As Congress debates extending generous unemployment benefits, a new report says that keeping certain workers away from their jobs would save thousands of lives.
The CARES Act unemployment benefits will increase U.S. unemployment by an average of 3.7 percentage points from April to December 2020, but it would also reduce cumulative death by 4.7% and save 27,000 lives, according to a working paper posted by the Federal Reserve Bank of Atlanta on its website Friday.
The extra $600 per week unemployment benefit is set to expire on Friday and Congress has yet to agree on a new stimulus package. Critics of the added insurance argue that it reduces the incentive for employment for those who get more money from being unemployed than they would by going back to work.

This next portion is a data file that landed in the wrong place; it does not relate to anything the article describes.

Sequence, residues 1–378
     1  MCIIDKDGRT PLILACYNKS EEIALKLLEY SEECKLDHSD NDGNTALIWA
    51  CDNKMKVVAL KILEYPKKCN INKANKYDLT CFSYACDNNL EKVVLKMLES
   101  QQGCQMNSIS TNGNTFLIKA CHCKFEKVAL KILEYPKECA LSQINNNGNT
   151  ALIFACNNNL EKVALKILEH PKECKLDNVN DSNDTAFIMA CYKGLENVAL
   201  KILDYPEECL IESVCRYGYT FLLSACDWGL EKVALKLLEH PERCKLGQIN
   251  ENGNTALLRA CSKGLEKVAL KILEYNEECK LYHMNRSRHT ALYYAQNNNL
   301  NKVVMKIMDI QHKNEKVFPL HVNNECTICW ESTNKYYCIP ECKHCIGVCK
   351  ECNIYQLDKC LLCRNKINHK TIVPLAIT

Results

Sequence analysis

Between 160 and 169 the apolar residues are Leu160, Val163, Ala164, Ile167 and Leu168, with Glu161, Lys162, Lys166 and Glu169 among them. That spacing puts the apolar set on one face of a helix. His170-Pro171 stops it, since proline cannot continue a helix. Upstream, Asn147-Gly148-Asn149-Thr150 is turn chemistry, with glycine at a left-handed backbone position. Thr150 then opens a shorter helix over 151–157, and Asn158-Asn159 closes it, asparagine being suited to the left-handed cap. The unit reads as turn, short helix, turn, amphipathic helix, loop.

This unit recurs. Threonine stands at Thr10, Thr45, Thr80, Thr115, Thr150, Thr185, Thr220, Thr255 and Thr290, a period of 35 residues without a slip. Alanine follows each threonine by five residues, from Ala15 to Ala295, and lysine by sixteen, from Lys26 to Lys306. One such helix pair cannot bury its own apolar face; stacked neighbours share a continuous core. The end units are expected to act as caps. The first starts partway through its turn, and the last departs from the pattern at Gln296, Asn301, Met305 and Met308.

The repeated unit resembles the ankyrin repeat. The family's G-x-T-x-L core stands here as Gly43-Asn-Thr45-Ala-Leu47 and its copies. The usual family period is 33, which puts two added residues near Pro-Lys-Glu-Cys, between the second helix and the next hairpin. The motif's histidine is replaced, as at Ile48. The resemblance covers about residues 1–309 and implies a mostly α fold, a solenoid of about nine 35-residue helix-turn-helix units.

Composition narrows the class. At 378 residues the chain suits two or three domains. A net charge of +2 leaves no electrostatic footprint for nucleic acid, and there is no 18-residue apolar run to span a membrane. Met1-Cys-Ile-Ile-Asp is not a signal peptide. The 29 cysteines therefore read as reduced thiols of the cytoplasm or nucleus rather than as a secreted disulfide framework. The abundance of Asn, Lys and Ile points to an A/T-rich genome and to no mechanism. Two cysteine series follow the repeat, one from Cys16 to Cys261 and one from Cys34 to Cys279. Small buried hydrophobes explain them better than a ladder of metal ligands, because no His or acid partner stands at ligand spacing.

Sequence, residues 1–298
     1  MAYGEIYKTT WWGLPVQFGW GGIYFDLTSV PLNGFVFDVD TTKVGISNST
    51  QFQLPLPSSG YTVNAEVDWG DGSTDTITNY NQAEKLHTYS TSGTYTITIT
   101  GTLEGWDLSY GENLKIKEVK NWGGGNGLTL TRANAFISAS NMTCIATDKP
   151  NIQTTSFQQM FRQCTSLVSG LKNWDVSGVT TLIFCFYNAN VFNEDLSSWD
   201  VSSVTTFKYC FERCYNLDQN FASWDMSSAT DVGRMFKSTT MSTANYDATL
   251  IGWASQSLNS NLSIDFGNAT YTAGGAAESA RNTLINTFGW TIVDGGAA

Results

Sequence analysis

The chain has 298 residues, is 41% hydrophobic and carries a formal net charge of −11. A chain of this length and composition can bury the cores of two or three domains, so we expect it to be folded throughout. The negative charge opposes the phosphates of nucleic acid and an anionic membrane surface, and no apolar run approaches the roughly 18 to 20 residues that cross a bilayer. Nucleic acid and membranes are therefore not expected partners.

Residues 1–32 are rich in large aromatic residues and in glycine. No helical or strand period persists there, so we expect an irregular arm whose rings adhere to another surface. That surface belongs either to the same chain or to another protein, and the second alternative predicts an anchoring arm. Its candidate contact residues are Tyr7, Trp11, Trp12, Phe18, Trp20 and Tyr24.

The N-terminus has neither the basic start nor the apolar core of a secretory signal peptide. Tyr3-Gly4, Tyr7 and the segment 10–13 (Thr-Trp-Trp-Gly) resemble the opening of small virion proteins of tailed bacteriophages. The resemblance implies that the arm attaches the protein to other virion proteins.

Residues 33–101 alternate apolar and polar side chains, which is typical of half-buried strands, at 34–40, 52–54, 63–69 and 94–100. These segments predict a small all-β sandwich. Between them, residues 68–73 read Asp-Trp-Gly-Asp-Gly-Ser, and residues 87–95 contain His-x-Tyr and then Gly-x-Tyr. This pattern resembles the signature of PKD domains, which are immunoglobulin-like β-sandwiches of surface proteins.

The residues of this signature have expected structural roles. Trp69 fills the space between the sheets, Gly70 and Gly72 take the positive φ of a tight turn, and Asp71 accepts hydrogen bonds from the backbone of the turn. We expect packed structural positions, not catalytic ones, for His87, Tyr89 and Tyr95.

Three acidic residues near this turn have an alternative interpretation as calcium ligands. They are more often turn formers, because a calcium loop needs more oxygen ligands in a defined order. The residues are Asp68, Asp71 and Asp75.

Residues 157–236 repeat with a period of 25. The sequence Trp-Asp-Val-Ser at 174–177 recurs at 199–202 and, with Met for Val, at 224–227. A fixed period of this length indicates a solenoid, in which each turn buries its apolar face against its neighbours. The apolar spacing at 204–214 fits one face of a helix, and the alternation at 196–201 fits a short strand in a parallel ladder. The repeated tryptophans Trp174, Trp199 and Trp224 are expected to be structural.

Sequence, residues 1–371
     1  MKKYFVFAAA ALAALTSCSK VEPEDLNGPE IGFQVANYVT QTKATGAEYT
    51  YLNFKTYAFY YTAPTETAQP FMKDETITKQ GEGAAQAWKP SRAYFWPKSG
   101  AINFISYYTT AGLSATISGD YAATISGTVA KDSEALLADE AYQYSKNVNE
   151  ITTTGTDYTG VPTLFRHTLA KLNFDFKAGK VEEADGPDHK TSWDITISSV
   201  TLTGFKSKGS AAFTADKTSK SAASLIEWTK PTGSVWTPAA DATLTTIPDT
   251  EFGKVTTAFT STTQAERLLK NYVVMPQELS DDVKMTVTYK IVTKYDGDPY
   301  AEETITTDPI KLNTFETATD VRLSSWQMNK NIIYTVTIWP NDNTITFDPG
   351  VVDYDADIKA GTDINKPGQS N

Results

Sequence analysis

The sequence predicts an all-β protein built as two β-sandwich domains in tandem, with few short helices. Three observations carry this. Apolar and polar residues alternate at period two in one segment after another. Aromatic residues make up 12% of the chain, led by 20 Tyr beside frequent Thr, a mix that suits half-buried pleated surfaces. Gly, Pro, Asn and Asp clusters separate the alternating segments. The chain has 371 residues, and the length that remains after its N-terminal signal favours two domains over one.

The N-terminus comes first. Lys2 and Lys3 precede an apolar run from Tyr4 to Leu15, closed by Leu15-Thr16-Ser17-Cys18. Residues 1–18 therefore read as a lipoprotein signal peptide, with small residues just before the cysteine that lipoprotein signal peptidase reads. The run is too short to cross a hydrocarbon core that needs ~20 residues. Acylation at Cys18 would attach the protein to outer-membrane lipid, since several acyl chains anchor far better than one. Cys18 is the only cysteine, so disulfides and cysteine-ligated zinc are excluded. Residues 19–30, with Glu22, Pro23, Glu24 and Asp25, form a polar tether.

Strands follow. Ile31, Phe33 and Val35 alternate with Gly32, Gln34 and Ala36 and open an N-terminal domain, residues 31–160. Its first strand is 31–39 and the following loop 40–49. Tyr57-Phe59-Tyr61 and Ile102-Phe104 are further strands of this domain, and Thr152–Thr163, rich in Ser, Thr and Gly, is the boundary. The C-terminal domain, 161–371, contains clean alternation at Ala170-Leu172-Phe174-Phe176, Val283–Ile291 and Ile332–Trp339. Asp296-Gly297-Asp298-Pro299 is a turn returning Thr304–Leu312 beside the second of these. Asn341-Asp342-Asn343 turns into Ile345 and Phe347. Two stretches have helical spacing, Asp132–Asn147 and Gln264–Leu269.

“More generous UI policies create work disincentives and lead to higher unemployment,” the researchers said in the paper, while also noting that jobs requiring close contact with other employees and the public increases infection rates and potential deaths.
The working paper, which was authored by economists from the Federal Reserve Bank of Atlanta and the Federal Reserve Bank of Kansas City, found that reducing the extra benefit to $200 a week would still increase the unemployment rate by 3 percentage points between August and December.
Shutdown measures amplify the effects of unemployment insurance by increasing the base of the unemployed, according to the paper.
“Between young and old people, the old in general prefer more mitigation policies, especially shutdown policy, because of their higher probability to die from the virus,” the researchers found.
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